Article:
BEAVER CREEK, Colo. (AP) Two races, one medal for Lindsey Vonn. Not gold, either, but bronze.
This wasn't exactly the start the skier from nearby Vail was hoping for at the world championships in front of a home crowd.
But there are still events left for Vonn. She announced after her fifth-place finish in the downhill Friday that she was going to compete in the giant slalom and the Alpine combined, an even that combines the times one run of downhill and one of slalom. Never mind she hasn't been in a slalom race in years, she's going to give it a go.
Nothing to lose.
''Although my chances of doing something there are slim, I will definitely be giving 110 percent effort,'' the 30-year-old Vonn said. ''Hopefully, make a miracle happen.''
So far, these worlds have been dominated by Slovenia's Tina Maze and Austria's Anna Fenninger. Maze won the downhill race by 0.02 seconds over Fenninger.
Three days earlier in the super-G, Fenninger held off Maze by 0.03 seconds.
''We are sharing our wins and good races,'' Fenninger said. ''That's why we are good friends.''
Maze has a chance to medal in every event at worlds. Should she do that, she will join some elite company.
At the 1999 worlds in Beaver Creek, Lasse Kjus of Norway captured five medals (two golds, three silvers). It's a lot of skiing and not many skiers attempt this sort of feat.
''I know I can do this. I knew that before I came here,'' Maze said. ''Of course, it's in my mind, but thinking about it makes no sense. You have to go day by day, from discipline to discipline. I know I can get it.''
Especially with Fenninger pushing her.
''I was at the start, watching Anna skiing down. I knew she would be the one to beat,'' Maze said. ''I saw her having really good run. If I come down (in first), it's a good sign. I don't know what Lindsey has, because (Thursday) she didn't have a good training.''
It spilled over. She was off to a fast start up top, much to the delight of the capacity crowd. But she faded in the curvy middle section and wound up fifth.
''Honestly, I did the best I could,'' said Vonn, who won a bronze in the super-G, the only medal the Americans have through three races. ''I fought the whole way down. I was so focused. I visualized the course a thousand times. It just wasn't a great run. It was a good run, but not a top-five worthy run. There's not a lot to be sad about.''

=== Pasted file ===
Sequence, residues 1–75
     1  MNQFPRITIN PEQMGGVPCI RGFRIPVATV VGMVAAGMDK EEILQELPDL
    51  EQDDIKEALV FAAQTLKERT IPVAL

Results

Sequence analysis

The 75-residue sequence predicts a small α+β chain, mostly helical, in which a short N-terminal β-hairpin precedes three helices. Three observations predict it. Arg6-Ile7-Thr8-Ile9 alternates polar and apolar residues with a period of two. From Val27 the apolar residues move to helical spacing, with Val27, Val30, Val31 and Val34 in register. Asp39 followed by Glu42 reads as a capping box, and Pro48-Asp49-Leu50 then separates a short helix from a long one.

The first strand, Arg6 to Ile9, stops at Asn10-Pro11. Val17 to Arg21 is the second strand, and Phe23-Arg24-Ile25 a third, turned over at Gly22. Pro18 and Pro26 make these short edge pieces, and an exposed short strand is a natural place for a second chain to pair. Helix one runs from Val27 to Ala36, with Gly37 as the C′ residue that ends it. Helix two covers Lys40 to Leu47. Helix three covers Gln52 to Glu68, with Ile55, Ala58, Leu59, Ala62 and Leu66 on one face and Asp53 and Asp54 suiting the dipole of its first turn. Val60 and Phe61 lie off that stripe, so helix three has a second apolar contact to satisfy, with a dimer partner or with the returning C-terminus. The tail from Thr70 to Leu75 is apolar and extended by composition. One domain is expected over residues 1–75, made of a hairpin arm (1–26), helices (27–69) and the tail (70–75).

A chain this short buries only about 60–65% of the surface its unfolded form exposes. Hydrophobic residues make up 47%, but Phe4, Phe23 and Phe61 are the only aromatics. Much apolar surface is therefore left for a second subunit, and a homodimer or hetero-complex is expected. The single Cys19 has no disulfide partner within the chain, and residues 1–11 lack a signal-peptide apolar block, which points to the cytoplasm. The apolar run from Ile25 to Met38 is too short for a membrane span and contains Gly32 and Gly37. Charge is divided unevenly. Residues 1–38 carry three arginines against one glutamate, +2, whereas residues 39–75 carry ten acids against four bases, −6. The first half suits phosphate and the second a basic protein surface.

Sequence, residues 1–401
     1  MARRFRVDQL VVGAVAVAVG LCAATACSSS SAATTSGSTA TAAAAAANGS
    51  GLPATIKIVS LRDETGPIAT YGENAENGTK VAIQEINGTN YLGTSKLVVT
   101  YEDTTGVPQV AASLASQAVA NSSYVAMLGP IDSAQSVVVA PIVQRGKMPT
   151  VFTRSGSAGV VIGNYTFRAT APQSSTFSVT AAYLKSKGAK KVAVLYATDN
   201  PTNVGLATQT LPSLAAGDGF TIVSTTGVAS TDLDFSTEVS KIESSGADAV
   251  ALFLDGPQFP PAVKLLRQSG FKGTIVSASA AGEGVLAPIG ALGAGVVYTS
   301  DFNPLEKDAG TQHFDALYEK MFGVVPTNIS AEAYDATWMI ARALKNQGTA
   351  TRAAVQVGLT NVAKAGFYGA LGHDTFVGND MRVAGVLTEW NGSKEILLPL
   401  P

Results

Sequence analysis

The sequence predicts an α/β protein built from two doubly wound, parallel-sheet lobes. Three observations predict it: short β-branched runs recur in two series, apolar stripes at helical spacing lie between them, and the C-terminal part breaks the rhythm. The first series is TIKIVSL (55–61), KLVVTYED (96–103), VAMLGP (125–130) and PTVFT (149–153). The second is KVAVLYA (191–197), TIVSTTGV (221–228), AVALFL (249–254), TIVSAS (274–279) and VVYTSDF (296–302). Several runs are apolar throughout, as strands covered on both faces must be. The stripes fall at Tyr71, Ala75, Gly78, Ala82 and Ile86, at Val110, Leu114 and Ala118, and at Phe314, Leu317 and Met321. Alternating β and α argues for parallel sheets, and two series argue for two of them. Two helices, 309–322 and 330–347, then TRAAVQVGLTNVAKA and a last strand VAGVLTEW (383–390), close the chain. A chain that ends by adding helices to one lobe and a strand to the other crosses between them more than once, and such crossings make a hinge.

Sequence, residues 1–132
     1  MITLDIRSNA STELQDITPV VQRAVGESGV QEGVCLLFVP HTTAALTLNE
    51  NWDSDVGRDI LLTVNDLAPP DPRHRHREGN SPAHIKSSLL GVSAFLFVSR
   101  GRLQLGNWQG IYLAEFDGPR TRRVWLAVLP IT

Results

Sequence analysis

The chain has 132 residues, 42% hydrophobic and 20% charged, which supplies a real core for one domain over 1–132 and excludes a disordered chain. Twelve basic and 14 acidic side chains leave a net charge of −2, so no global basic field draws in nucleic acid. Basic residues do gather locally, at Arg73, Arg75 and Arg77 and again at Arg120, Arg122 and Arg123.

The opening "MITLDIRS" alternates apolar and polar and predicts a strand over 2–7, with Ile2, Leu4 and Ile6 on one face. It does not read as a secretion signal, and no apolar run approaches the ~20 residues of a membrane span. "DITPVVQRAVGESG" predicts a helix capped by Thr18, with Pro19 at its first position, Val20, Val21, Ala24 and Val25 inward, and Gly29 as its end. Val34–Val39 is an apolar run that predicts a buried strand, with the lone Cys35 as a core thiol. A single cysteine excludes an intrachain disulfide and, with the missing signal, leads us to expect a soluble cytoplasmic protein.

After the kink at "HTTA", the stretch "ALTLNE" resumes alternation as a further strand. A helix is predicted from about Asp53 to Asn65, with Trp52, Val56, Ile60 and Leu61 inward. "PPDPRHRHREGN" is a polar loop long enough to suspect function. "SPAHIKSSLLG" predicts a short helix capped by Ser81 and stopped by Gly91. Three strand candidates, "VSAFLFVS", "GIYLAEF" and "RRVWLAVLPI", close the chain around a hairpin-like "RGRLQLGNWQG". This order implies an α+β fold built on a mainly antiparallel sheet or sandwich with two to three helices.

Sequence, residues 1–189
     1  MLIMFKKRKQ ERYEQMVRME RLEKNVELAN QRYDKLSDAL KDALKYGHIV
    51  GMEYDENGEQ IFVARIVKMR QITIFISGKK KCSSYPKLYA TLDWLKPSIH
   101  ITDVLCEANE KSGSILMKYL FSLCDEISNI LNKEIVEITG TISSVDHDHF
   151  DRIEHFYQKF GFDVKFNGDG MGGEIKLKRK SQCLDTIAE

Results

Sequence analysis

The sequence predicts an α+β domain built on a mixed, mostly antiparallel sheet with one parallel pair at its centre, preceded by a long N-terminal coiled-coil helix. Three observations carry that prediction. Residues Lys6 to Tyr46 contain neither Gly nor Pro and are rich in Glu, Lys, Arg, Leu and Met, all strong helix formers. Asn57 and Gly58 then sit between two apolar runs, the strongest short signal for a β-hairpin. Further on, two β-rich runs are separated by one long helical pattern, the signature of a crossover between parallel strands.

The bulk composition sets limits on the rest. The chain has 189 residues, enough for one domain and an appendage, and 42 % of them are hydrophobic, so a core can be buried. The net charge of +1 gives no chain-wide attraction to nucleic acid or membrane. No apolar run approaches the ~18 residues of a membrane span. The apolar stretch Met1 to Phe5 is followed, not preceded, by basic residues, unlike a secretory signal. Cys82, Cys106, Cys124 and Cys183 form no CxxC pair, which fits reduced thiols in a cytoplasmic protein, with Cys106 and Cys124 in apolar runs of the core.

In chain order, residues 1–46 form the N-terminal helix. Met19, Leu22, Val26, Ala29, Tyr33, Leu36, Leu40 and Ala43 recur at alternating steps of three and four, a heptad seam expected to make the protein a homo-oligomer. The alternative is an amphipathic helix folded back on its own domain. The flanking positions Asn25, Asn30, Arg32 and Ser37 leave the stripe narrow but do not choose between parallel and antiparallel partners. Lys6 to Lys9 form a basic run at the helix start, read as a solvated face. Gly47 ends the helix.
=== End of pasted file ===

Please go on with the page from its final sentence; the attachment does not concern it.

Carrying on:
Here are things to know before a men's downhill race Saturday:
NO MILLER TIME: Bode Miller was hoping to be back in starting gate for the downhill - deep cut and all. He thought on his way to the hospital that it might just possible. But he severed his right hamstring tendon and needed surgery. ''If I was tougher than I am, I probably could've had them sew the thing up and leave the hamstring tendon completely cut,'' Miller said. ''But it would've torn the muscle apart in there if I skied.'' The last race of his career? ''I don't know,'' he said. ''We have a lot of things to juggle right now, with family and a new baby (his wife is due in May). We'll see.''
VIDEO SESSION: Travis Ganong sat down with former U.S. ski racer Daron Rahlves and went over film of Rahlves' winning downhill run on this hill in 2003. Ganong said Rahlves showed him some of his ''tricks and tactics. ... I think I have a good plan.''
KJETIL OK: After crashing his left shoulder into a gate in the super-G race, Kjetil Jansrud of Norway said he was feeling better. He's the leader on the World Cup in the downhill and the favorite. ''I'm feeling pretty OK and my skiing is good,'' Jansrud said. ''I think I have to step it up a notch.''
SNOW REPORT: Although the weather has been warm, the snow remains ideal. At least that's what the skiers are saying. ''It's changing but the conditions are good,'' Aksel Lund Svindal of Norway said. ''It looks nice. It will be a great race, a fair race.''
SUPRISE, SUPRISE: Brice Roger of France had the fastest time in a downhill session on Friday. Roger's best finish in a World Cup race was 10th during a downhill in 2012.